As I gather more energy expenditure data, I’ll have a more complete understanding of how calorie intake and physical activity affect my body weight. It’s interesting that my calorie intake over the past few weeks seems to correlate very nicely to my energy expenditure. This is happening for two main reasons:

  • 1) I can look at my energy expenditure (Nike Fuelband) throughout the day and eat more or less based on how much I’m burning. If I’m burning 3,400 calories on a given day, I allow myself to eat more than if I only burn 2,000.
  • 2) On days in which I burn more calories, my appetite increases, “forcing” me to eat more.

Graph #2: Body Weight vs. Calorie Surplus/Deficit

  • Body Weight: blue line, number on the left side
  • Calorie Surplus/Deficit: red line, numbers on the right side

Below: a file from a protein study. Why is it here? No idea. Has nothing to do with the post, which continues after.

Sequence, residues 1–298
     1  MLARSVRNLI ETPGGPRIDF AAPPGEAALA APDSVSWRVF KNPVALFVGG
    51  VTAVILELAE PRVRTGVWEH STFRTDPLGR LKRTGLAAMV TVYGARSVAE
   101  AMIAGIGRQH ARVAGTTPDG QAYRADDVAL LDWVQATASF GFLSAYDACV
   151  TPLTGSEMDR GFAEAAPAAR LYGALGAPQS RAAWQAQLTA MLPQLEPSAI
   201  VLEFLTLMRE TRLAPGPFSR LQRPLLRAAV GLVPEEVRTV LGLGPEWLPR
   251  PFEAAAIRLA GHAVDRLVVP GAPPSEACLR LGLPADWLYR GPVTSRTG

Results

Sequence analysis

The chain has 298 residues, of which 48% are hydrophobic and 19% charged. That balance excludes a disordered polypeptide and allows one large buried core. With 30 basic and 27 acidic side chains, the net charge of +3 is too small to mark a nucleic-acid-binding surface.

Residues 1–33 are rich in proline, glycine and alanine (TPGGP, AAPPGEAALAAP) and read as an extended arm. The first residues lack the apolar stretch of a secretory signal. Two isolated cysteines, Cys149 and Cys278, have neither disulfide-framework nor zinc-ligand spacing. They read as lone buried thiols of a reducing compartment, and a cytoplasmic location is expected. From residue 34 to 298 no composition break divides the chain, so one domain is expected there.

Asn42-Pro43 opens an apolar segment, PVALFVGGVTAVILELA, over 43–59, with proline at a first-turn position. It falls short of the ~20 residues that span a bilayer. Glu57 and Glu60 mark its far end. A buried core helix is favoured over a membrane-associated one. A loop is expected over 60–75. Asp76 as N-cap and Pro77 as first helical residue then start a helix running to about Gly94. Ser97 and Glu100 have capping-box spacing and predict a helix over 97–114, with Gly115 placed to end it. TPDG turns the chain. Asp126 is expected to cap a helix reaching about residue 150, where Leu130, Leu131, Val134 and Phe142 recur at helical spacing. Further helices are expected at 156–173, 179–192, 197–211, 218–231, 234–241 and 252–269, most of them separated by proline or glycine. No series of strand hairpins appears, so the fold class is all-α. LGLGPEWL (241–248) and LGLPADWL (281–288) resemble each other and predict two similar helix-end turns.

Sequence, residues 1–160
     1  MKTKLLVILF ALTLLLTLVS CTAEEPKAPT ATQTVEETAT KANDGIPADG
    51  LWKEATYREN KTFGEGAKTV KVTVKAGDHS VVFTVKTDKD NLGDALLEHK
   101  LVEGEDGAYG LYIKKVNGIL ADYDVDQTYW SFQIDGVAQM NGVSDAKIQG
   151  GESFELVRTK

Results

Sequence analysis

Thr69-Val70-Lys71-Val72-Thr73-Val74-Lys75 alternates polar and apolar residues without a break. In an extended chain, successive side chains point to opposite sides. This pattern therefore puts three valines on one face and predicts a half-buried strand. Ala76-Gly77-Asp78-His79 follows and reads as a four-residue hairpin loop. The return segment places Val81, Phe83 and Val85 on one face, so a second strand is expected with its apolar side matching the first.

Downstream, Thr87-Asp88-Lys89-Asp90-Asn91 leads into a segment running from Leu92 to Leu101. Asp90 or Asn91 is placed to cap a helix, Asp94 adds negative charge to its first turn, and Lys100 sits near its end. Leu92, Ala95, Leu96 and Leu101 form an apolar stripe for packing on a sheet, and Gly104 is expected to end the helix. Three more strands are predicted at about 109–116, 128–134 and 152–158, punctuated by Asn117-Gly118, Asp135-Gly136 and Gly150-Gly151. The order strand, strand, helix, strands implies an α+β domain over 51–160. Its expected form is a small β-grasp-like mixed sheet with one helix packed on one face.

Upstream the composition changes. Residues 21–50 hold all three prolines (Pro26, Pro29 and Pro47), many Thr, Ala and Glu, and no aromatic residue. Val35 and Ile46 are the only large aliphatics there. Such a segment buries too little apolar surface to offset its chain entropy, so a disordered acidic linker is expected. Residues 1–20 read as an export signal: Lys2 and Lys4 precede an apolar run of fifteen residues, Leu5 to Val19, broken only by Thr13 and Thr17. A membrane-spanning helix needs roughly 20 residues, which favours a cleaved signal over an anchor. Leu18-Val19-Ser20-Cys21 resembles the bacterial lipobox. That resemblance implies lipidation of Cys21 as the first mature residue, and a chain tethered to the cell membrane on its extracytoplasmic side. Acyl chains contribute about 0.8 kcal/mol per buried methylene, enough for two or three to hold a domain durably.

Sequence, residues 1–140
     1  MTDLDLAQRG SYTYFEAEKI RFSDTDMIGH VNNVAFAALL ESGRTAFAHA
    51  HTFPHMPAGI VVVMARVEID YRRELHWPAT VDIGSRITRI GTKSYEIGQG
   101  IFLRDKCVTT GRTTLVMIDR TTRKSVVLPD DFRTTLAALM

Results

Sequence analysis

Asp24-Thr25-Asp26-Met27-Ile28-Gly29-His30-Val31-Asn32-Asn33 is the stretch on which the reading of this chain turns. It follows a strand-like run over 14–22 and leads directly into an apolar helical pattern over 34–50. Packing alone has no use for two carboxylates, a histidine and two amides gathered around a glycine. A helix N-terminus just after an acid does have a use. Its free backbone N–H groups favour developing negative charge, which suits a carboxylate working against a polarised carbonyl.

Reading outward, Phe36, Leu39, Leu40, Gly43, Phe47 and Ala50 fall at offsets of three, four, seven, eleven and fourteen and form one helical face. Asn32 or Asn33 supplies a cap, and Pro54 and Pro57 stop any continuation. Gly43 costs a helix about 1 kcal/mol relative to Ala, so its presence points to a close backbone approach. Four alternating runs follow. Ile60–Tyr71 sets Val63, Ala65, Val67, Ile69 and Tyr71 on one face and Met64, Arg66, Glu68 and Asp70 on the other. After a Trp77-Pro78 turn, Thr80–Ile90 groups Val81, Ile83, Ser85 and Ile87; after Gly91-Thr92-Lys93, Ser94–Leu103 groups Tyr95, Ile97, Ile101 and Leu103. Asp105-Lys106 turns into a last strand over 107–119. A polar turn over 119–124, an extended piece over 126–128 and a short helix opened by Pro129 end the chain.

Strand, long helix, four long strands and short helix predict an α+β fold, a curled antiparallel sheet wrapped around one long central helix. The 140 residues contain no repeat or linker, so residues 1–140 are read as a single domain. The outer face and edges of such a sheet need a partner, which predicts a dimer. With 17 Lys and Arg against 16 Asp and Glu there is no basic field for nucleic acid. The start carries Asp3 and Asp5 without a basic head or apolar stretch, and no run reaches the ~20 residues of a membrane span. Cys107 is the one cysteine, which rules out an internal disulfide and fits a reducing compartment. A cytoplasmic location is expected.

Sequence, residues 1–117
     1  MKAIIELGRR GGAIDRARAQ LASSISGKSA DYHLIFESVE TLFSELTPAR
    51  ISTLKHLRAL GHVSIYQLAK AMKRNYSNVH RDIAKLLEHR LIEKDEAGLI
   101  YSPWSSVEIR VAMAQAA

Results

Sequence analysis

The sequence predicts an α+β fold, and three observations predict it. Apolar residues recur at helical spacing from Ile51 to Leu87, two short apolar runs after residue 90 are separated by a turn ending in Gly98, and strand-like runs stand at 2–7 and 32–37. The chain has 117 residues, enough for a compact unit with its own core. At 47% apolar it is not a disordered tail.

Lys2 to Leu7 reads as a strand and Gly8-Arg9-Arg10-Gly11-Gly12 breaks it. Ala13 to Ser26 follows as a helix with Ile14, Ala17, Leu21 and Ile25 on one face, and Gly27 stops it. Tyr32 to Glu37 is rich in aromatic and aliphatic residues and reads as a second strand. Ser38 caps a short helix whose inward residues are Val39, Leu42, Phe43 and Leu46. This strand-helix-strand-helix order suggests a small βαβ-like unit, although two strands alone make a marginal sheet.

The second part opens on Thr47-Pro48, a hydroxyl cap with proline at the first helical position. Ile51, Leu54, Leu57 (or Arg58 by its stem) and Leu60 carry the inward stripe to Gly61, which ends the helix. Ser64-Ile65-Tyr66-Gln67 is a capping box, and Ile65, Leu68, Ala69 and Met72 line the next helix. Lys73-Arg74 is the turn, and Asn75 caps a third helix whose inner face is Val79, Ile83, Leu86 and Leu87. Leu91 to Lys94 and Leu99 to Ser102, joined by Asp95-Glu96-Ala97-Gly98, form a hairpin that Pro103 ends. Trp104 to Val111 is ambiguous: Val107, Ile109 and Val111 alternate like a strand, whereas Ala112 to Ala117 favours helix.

This graph is similar to Graph #1 but it combines calorie intake and energy expenditure into one line. Calorie intake + energy expenditure = changes in body weight. When calorie intake is greater than energy expenditure (calorie surplus), body weight increases. When energy expenditure is greater than calorie intake (calorie deficit), body weight decreases.

This graph illustrates the difference between my calorie intake and energy expenditure. A positive number indicates a calorie surplus (more eating than burning) while a negative number indicates a calorie deficit (more burning than eating). With more data in the coming weeks, this graph will begin to provide a more meaningful insight on the most basic weight balance rule.

Graph #3: Body Fat Percentage vs. Calorie Surplus/Deficit

  • Body Fat Percentage: blue line, number on the left side
  • Calorie Surplus/Deficit: red line, numbers on the right side